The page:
By Alaistar Crooke (Originally published on Strategic Culture Foundation)

It is the miscalculation of this era – one that may begin the collapse of dollar primacy, and therefore, global compliance with U.S. political demands, too. But its most grievous content is that it corners the U.S. into promoting dangerous Ukrainian escalation against Russia directly (i.e. Crimea).

Washington dares not – indeed cannot – yield on dollar primacy, the ultimate signifier for ‘American decline’. And so the U.S. government is hostage to its financial hegemony in a way that is rarely fully understood.

The Biden Team cannot withdraw its fantastical narrative of Russia’s imminent humiliation; they have bet the House on it. Yet it has become an existential issue for the U.S. precisely because of this egregious initial miscalculation that has been subsequently levered-up into a preposterous narrative of a floundering, at any moment ‘collapsing’ Russia.

What then is this ‘Great Surprise’ – the almost completely unforeseen event of recent geo-politics that has so shaken U.S. expectations, and which takes the world to the precipice?

It is, in a word, Resilience. The Resilience displayed by the Russian economy after the West had committed the entire weight of its financial resources to crushing Russia. The West bore down on Russia in every conceivable way – via financial, cultural and psychological war – and with real military war as the follow-through.

Yet, Russia has survived, and survived relatively handsomely. It is doing ‘okay’ – maybe better, even, than many Russia insiders were expecting. The ‘Anglo’ Intelligence services however, had assured EU leaders not to worry; it’s ‘slam dunk’; Putin cannot possibly survive. Rapid financial and political collapse, they promised, was certain under the tsunami of western sanctions.

Their analysis represents an Intelligence failure on a par with the non-existent Iraqi weapons of mass destruction. But instead of critical re-examination, as events failed to provide confirmation, they doubled down. But two such failures are just ‘too much’ to bear.

So why does this ‘failed expectation’ constitute such a world-shaking moment for our era? It is because the West fears that its miscalculation might well lead to the collapse of its dollar hegemony. But the fear extends well beyond that too – (bad as ‘that’ would be from the U.S. perspective).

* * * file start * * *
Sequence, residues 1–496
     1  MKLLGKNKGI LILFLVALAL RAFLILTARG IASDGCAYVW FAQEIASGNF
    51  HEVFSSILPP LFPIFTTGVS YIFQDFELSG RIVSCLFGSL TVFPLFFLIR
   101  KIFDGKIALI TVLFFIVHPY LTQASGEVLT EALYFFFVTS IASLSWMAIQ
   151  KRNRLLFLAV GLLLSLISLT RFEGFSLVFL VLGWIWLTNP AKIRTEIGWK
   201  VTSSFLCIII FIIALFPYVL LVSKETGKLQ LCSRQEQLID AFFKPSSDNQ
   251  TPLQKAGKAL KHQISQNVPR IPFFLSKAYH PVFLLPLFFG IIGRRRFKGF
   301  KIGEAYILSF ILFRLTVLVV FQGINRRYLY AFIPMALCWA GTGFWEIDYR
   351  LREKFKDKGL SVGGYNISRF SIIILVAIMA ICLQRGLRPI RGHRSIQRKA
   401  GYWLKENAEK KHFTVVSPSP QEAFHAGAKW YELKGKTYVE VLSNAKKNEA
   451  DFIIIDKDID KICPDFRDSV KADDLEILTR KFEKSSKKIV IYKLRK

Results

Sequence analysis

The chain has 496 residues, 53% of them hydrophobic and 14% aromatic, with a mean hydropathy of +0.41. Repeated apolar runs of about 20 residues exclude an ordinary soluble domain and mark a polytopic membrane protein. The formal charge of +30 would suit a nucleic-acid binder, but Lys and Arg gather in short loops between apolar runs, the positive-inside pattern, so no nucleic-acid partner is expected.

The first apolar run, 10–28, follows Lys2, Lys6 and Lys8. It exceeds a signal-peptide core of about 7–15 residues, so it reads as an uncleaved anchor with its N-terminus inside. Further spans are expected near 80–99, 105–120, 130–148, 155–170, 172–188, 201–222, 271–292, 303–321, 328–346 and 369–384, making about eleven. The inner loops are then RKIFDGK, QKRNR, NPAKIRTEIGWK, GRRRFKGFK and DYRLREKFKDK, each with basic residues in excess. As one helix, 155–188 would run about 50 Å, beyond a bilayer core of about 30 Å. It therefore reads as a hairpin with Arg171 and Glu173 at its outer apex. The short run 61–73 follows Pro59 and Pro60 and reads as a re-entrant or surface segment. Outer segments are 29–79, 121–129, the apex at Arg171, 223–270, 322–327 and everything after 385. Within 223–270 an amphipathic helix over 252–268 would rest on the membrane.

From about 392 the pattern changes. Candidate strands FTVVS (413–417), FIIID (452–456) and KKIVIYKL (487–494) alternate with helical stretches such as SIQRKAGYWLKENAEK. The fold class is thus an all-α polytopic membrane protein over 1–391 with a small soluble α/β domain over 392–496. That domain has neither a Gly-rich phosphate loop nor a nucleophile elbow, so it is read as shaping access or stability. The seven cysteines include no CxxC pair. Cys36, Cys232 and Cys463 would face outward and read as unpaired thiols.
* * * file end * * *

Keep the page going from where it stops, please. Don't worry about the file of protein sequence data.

Robert Kagan has outlined how external forward motion and the U.S.’ ‘global mission’ is the lifeblood of American internal polity – more than any equivocating nationalism, Professor Paul suggests. From the founding of the country, the U.S. has been an expansionary republican empire; without this forward motion, civic bonds of domestic unity come into question. If Americans are not united for expansionary republican greatness, by what purpose Professor Paul asks, are all these fissiparous races, creeds, and cultures in America, bound together? (Woke culture has proved no solution, being divisive rather than any pole around which unity can be built).

The point here is that Russian Resilience, at a single stroke, shattered the plate-glass floor to western convictions about its ability to ‘manage the world’. After the several western debacles centred on regime-change by military shock-and-awe, even hardened neo-cons – by 2006 – had conceded that a weaponised financial system was the only means to ‘secure the Empire’.

But this conviction has now been upended – and states around the world have taken notice.

This shock of miscalculation is all the greater because the West disdainfully had taken Russia to be a backward economy, with a GDP on a par to that of Spain. In an interview with Le Figaro last week, Professor Emmanuel Todd noted that Russia and Belarus, taken together, constitute only 3.3% of global GDP. The French historian questioned therefore, ‘how then is it possible that these states could have shown such resilience – in the face of the full force of the financial onslaught’?